I’m often amazed by the advertisements that I find in hundred-year-old magazines. Some of the most fascinating ones are the small advertisements in the back of a magazine that individuals with entrepreneurial aspirations place. For example, I never would have thought about selling a recipe for toothpaste . . . but maybe I lack imagination. I wonder how many recipes he sold.
Some things haven’t changed much over the past hundred years. For example, in both 1919 and 2019, Heinz emphasized that the company offered several varieties of vinegar.
The 1919 Heinz Vinegars advertisement said that “Malt, Apple, and White” varieties were available, and that they were “one of the 57” Heinz products.
The current Heinz brand tagline is “A Vinegar for Every Need.”
Is it grammatically correct to pluralize “vinegar” or is “vinegars” an archaic term?
I was surprised to see an advertisement for a oven thermometer in the February, 1919 issue of American Cookery magazine. Cooks had a bit more information about oven temperatures than I’d previously realized.
Cooking with wood and coal stoves a century ago could be challenging. Hundred-year-old recipes never indicated the exact temperature that should be used when baking food in the oven. Instead the recipes said things like use a “high temperature” or a “medium temperature.” And, the cook was left to her (it was generally a woman in those days) own devices to figure out how to regulate the temperature. For example, more wood or coal might be thrown on the fire to get increase the temperature.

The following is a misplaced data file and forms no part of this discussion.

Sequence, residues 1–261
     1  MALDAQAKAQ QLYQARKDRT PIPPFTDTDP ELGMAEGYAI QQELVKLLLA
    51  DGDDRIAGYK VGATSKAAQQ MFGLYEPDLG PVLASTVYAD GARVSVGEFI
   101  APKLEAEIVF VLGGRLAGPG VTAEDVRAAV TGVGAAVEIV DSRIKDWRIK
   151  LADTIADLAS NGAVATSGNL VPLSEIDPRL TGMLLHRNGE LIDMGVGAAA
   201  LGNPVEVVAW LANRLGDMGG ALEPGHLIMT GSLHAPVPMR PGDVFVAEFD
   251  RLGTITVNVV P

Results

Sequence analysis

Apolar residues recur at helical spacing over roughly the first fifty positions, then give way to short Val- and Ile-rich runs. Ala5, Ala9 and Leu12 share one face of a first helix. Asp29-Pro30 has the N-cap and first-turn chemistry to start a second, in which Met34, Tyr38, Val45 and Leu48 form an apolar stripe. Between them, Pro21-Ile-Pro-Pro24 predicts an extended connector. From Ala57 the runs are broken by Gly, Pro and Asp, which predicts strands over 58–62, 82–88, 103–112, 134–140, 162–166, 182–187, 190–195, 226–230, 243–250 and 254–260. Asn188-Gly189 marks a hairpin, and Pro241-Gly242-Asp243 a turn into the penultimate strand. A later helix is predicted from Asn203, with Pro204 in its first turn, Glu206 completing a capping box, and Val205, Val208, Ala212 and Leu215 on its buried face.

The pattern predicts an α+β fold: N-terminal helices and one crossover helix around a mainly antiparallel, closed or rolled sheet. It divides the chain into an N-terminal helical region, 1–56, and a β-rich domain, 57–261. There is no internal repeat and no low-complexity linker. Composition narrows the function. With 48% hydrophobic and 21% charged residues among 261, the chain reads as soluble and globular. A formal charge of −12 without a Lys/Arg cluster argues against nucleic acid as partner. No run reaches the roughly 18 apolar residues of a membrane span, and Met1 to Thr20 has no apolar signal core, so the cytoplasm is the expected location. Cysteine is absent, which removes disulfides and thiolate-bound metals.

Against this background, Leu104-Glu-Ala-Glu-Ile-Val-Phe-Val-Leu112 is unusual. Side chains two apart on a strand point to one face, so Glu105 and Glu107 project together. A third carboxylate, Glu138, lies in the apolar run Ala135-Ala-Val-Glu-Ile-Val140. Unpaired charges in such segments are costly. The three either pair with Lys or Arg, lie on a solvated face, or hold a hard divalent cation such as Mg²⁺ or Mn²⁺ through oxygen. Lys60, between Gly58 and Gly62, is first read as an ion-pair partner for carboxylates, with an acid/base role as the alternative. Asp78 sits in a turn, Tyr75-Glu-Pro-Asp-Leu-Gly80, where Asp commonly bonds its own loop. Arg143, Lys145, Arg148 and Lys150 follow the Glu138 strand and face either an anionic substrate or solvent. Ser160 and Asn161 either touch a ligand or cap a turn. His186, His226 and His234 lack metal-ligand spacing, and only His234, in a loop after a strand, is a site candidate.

A 1919 Jello advertisement treats measles as a common ailment, and suggests that children who are sick with the measles might enjoy eating Jell-o while they recuperate. The first measles vaccines were introduced during the 1960s, and the Measles, Mumps, and Rubella (MRR) vaccine was introduced in 1973.
Heinz Baked Beans have been around for more than a hundred years. The endurance of some products is amazing.
Remember Postum? It was a roasted grain powder that was mixed with hot water to make a beverage. It was often considered a healthy alternative to coffee or tea. This Postum advertisement was near the back of a 1907 Pennsylvania community cookbook.
Do you have a tired appetite? (What the heck is a tired appetite? Is the same as being tired of a particular food?)
In any case, if this is a problem, here’s a 1918 advertisement with a solution – serve Morrell’s Ox Tongue.